Don’t go chasing waterfalls: a shot from Sistagod II: Her Second Coming, directed by Robert Yao Ramesar of Trinidad and Tobago
“Trinidadian films? Such things exist?” If I had a dollar for every time someone told me that (or something like that), I’d be–well not rich exactly, but I’d have some good change. Yes, Virginia, Trinidadian films do exist. To explain why you probably haven’t heard about (far less seen) most of them, however, would involve getting into issues that neither time nor space allow.
Rather, let’s consider that Trinidad and Tobago does have a nascent film industry, and a crop of talented filmmakers eager to make films and access a forum where they can be seen. Which is just what the trinidad+tobago film festival provides: a place for local directors to show their films, whatever style or genre they might be. This year more than half of the 70-plus films being screened at the Festival are local. Most of these are short films–many of them coming out of the Film Programme at UWI–though there are a few of feature-length. What is wonderful about these features is that they reflect a refreshing diversity. There are films by established filmmakers, as well as up-and-coming directors; narrative films, documentaries and experimental films; and films by both women and men.
One of the more anticipated local films of the Festival is The Ghost of Hing King Estate, directed by veteran filmmaker Horace Ové. Based on true events, Hing King is a supernatural thriller about mysterious deaths on an agricultural estate. It’s perhaps the most conventional of the local features, and has an ensemble cast of who’s who in acting in Trinidad and Tobago.
Another highly anticipated film is Mariel Brown‘s documentary The Solitary Alchemist. Back in 2007, Brown’s first documentary, The Insatiable Season, took home the people’s choice award at the TTFF. That film followed mas man Brian MacFarlane during the production of his Carnival presentation for the previous year. The Solitary Alchemist is, similarly, a portrait of an artist; this time, jeweller Barbara Jardine is the subject of the gaze of Brown’s camera.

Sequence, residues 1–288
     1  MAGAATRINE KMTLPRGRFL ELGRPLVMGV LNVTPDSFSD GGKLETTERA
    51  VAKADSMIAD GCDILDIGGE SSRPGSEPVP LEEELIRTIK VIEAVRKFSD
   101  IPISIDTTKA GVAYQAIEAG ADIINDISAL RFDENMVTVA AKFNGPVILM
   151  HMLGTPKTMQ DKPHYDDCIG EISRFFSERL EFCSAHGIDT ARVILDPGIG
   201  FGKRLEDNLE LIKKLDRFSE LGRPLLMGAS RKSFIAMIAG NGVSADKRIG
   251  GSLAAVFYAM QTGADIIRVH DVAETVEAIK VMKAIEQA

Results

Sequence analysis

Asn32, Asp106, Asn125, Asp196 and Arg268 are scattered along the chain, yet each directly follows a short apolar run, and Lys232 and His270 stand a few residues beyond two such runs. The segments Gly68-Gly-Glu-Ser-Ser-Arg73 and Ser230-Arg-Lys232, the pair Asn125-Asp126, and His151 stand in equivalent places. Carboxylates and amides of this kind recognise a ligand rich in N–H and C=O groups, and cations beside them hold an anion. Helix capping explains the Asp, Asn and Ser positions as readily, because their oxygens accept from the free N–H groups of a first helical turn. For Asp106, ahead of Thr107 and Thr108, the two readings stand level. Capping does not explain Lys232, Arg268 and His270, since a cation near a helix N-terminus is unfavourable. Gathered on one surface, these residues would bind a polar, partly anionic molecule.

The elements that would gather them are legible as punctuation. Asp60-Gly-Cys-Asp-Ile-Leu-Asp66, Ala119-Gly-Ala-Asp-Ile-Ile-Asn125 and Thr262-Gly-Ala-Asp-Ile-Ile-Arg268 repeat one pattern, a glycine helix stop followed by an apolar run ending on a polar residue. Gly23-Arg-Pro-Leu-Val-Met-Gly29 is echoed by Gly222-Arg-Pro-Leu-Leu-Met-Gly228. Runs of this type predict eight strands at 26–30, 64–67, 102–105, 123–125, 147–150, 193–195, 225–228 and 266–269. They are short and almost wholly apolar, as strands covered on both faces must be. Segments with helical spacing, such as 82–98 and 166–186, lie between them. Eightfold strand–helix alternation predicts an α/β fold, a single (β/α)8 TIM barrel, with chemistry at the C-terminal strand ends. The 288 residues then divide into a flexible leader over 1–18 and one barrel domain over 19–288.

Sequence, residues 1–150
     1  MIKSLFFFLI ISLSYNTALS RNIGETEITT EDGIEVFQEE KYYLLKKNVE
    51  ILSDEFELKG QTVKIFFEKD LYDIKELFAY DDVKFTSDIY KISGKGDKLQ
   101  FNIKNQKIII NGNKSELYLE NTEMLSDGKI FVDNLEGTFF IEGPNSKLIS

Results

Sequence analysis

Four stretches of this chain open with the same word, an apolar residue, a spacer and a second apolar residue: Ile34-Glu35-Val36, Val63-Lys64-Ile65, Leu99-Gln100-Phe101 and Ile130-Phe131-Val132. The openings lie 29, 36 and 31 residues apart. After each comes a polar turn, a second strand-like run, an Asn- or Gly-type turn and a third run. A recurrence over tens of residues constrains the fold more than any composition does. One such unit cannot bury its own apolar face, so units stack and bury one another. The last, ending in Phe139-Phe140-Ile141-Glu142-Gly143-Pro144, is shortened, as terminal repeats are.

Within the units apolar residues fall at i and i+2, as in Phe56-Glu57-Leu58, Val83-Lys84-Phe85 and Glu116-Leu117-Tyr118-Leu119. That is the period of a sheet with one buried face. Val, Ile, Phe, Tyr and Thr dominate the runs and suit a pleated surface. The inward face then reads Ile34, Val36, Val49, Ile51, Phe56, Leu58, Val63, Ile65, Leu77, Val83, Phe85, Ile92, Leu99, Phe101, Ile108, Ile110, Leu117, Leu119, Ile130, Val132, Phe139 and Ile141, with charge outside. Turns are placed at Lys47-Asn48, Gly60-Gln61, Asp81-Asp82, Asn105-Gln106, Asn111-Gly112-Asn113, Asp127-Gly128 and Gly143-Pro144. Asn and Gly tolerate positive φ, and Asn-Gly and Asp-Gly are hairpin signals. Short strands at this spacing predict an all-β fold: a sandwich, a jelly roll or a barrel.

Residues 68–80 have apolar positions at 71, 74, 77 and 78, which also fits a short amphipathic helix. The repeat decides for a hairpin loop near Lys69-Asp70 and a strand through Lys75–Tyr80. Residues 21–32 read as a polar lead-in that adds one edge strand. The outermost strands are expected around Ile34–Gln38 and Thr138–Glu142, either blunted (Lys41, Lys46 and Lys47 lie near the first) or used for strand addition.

Following up the screening of his film Sistagod at the TTFF in 2006, Robert Yao Ramesar returns with that film’s sequel, Sistagod II: Her Second Coming, the second film in a post-apocalyptic trilogy about the coming of a black female messiah. An established filmmaker–some of his short films were screened at the Kairi Festival back in 2002–Ramesar has always worked in the experimental mode, and the supernatural features heavily in his symbol-laden work.
Filmmaker, artist and writer Jaime Lee Loy‘s Festival offering, Bury Your Mother, is also an experimental film. Lee Loy’s most ambitious film to date, it follows up a number of short videos, and a documentary on young, unwed mothers (motherhood is a recurring theme in her work). Of the local films being screened at the Festival that I’ve seen so far, Bury Your Mother is particularly noteworthy. It is, admittedly, a demanding, unsettling, at times even upsetting film. It is also a visually powerful, haunting, accomplished work by a talented and serious young filmmaker. That’s just my opinion, of course. See it for yourself at the TTFF and make up your own mind. In fact, see all the local films, and then if anyone ever asks you if there’s filmmaking in T&T;, you’ll be able to give them an answer.